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by Todd Keister
This guide begins by describing the problem of theft of and from cars in residential neighborhoods and by reviewing factors that increase its risks. It then identifies a series of questions to help you analyze your local problem. Finally, it reviews responses to the problem and what is known about these from evaluative research and police practice.
Theft of and from cars in residential neighborhoods is only one of a number of vehicle-related problems that occur in residential neighborhoods that the police must address. This guide is limited to addressing only the harms created by theft of and from cars in streets and driveways in such neighborhoods. It does not cover thefts in parking facilities, except where especially relevant. Related problems not directly addressed in this guide, each of which require separate analysis, include:
§ As many as 10 percent of all reported thefts of automobiles are fraudulent. Vehicle owners may stage a phony theft of their vehicle because they are no longer able or willing to make the required vehicle loan payments, or in order to defraud their insurance carrier for financial gain. Consequently, at least some portion of what is perceived to be a vehicle crime problem might in fact be an insurance fraud problem (Arizona Criminal Justice Commission, Statistical Analysis Center, 2004).
Some of these related problems are covered in other guides in this series, all of which are listed at the end of this guide. For the most up-to-date listing of current and future guides, see www.popcenter.org.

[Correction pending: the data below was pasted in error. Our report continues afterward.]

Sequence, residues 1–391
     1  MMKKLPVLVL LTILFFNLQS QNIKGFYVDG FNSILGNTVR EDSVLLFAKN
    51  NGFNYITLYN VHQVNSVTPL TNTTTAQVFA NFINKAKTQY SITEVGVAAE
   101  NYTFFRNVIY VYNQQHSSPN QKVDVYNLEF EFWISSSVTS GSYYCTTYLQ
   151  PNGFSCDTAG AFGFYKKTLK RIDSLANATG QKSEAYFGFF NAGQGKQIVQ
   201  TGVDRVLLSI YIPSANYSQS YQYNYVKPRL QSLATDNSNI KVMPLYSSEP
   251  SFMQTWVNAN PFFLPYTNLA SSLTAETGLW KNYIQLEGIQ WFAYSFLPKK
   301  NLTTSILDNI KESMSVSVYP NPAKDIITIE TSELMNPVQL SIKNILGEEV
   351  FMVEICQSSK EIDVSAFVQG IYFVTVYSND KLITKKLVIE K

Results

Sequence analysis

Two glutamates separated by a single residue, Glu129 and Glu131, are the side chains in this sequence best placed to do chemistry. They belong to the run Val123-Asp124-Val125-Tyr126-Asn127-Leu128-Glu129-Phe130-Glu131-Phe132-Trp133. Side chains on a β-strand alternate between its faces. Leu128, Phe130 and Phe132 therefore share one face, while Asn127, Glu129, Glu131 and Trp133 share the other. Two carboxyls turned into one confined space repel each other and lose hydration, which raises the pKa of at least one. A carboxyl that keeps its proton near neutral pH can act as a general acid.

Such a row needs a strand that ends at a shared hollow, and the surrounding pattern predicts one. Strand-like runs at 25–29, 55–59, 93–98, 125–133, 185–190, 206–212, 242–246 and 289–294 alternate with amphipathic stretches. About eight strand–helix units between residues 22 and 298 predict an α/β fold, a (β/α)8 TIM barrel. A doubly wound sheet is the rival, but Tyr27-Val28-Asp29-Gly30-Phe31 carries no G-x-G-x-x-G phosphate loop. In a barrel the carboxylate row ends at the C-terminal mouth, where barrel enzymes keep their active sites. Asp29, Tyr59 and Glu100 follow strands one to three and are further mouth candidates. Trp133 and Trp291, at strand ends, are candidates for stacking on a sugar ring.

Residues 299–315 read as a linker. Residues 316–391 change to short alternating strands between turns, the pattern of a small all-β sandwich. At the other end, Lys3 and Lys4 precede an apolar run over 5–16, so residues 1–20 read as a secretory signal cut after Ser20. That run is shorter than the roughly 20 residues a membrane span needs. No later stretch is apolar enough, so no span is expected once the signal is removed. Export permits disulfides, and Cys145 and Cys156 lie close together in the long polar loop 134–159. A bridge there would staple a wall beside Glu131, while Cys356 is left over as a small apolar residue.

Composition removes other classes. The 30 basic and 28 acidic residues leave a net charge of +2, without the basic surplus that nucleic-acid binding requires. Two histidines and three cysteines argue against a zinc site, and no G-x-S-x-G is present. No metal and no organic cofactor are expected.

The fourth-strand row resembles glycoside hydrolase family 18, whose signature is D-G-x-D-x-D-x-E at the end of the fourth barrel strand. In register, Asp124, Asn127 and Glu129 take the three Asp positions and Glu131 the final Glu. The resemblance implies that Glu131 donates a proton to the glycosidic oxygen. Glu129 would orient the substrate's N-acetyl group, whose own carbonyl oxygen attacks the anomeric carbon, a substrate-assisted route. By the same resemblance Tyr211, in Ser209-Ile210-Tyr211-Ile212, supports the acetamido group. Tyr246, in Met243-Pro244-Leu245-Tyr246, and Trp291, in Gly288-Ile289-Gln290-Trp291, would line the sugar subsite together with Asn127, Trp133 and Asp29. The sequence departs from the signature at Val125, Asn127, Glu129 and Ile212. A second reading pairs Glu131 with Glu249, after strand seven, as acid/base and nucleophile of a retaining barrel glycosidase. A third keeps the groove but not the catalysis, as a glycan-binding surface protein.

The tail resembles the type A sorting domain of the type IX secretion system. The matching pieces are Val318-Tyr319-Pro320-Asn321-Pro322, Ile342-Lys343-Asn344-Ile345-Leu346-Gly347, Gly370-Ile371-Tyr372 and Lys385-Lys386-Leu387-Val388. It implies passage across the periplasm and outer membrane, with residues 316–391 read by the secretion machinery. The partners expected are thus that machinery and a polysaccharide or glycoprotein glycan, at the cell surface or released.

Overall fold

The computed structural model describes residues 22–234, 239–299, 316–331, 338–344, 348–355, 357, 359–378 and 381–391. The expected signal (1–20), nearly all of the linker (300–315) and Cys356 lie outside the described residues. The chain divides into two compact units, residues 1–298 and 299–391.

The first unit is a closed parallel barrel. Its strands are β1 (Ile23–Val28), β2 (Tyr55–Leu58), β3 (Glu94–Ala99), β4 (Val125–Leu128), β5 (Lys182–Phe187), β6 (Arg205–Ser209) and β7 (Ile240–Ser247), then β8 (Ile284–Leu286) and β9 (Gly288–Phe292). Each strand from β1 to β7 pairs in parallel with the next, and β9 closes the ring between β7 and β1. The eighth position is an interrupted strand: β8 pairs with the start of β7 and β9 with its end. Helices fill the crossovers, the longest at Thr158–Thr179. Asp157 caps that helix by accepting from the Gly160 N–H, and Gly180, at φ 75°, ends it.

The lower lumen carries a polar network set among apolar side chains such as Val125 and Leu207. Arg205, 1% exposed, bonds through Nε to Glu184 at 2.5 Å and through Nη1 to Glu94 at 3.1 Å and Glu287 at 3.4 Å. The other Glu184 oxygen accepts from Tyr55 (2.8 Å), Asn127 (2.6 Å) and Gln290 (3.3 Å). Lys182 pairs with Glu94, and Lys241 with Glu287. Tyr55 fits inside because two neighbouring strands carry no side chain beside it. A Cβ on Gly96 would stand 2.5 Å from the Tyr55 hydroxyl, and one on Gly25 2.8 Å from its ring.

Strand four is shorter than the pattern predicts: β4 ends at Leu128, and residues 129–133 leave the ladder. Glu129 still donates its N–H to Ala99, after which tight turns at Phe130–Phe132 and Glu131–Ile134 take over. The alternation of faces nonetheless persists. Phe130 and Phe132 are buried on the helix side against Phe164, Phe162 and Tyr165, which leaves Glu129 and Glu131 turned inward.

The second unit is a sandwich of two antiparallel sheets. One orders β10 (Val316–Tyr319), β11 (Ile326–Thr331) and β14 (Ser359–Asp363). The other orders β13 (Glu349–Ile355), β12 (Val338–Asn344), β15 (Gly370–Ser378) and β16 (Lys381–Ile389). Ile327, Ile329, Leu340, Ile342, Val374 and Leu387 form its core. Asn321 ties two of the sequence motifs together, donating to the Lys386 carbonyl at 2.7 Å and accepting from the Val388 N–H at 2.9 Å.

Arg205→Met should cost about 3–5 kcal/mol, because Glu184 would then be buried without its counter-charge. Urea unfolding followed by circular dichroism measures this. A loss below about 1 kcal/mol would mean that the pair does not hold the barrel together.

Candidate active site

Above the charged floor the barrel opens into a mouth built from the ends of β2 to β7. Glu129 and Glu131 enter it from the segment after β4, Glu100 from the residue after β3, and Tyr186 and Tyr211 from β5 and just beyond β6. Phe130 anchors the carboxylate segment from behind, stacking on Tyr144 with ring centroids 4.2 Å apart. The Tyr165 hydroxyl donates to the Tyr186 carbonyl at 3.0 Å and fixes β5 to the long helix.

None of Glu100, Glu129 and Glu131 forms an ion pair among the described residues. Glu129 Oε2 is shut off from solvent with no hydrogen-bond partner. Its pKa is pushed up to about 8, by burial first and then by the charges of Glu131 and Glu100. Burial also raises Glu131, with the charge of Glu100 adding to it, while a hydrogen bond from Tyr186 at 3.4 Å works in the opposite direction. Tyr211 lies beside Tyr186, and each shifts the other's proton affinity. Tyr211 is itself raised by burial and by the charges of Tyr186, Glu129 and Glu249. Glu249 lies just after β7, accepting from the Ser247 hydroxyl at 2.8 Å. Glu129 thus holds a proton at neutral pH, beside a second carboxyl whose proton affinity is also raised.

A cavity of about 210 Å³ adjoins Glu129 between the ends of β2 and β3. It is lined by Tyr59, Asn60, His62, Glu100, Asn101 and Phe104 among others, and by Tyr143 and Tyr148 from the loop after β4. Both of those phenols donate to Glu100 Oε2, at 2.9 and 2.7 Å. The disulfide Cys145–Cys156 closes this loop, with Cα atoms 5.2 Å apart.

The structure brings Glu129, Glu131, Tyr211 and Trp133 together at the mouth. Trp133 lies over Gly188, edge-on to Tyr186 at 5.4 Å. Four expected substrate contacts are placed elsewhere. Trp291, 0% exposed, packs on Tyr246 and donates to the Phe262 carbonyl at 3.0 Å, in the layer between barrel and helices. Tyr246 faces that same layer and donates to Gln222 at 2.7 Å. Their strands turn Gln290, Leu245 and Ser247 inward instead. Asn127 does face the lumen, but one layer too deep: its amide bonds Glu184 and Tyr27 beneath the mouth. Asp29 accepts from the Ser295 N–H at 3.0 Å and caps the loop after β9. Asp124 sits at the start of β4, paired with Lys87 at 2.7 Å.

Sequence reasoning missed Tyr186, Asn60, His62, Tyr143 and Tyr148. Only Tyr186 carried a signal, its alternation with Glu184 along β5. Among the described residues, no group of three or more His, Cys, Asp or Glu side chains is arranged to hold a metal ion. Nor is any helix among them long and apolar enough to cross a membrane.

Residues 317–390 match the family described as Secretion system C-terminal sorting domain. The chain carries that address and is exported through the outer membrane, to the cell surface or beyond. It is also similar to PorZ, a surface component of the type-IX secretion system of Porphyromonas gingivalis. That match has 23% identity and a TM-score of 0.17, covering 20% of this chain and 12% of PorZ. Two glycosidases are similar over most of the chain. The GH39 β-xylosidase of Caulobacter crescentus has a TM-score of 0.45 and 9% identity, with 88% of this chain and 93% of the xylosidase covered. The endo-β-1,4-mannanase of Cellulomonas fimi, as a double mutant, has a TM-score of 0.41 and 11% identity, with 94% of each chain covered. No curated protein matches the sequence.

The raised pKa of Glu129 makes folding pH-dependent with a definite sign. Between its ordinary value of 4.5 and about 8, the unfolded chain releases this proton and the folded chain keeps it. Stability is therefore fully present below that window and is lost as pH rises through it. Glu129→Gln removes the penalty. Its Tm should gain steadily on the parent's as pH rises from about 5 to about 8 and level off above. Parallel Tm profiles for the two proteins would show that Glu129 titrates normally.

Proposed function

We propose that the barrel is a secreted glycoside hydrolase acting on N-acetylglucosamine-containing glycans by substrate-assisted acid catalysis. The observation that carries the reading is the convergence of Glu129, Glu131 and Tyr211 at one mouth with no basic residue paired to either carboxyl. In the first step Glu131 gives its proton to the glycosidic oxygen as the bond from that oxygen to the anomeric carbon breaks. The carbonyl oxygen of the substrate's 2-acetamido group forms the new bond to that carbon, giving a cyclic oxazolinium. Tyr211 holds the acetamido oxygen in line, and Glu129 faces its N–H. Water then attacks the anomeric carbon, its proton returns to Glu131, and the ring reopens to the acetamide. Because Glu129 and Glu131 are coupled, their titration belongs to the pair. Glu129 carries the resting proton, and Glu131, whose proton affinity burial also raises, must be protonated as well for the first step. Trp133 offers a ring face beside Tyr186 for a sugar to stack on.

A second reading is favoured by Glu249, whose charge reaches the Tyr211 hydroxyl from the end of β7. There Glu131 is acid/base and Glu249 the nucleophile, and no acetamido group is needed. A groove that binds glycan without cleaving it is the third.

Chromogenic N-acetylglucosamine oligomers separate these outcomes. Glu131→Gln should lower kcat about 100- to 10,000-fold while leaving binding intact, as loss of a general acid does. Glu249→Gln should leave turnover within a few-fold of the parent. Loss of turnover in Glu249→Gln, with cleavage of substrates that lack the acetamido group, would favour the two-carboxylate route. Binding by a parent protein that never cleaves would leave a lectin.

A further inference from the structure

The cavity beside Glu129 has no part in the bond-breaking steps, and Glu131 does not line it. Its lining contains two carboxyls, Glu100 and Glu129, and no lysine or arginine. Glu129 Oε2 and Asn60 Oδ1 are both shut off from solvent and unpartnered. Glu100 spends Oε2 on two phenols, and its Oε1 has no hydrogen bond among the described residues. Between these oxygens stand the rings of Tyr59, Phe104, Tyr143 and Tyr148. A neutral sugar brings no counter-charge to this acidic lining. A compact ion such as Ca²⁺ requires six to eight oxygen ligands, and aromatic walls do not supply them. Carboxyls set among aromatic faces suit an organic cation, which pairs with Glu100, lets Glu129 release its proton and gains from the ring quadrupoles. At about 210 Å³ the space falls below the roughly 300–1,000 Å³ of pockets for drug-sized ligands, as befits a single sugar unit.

Theft from parked cars§ is one of the most common complaints received by police in residential neighborhoods. According to U.S. Department of Justice statistics, these types of crimes make up some 36 percent of all larcenies reported to the police. Crimes in general and property crimes in particular tend to be underreported to authorities. As a result, the problem may be worse than it appears in statistics reported by police. In the United Kingdom, a nationwide survey found that only 47 percent of all car crime was reported to the police. In contrast, nearly all thefts of cars are reported to the authorities, because of the significant monetary loss and insurance company reporting requirements.
§ Thefts from vehicles are variously referred to by police around the country as "vehicle burglaries," "vehicle larcenies," "car cloutings" (St. Louis), and "car prowls."
Thefts from vehicles usually involve small dollar values in terms of the property stolen, but they take up considerable police resources and increase residents' fear of crime. These thefts excepted, crime rates in suburban residential neighborhoods are otherwise low. However, recurring thefts from cars in a residential community can erode residents' feelings of safety and security, as well as their confidence in police and other authorities.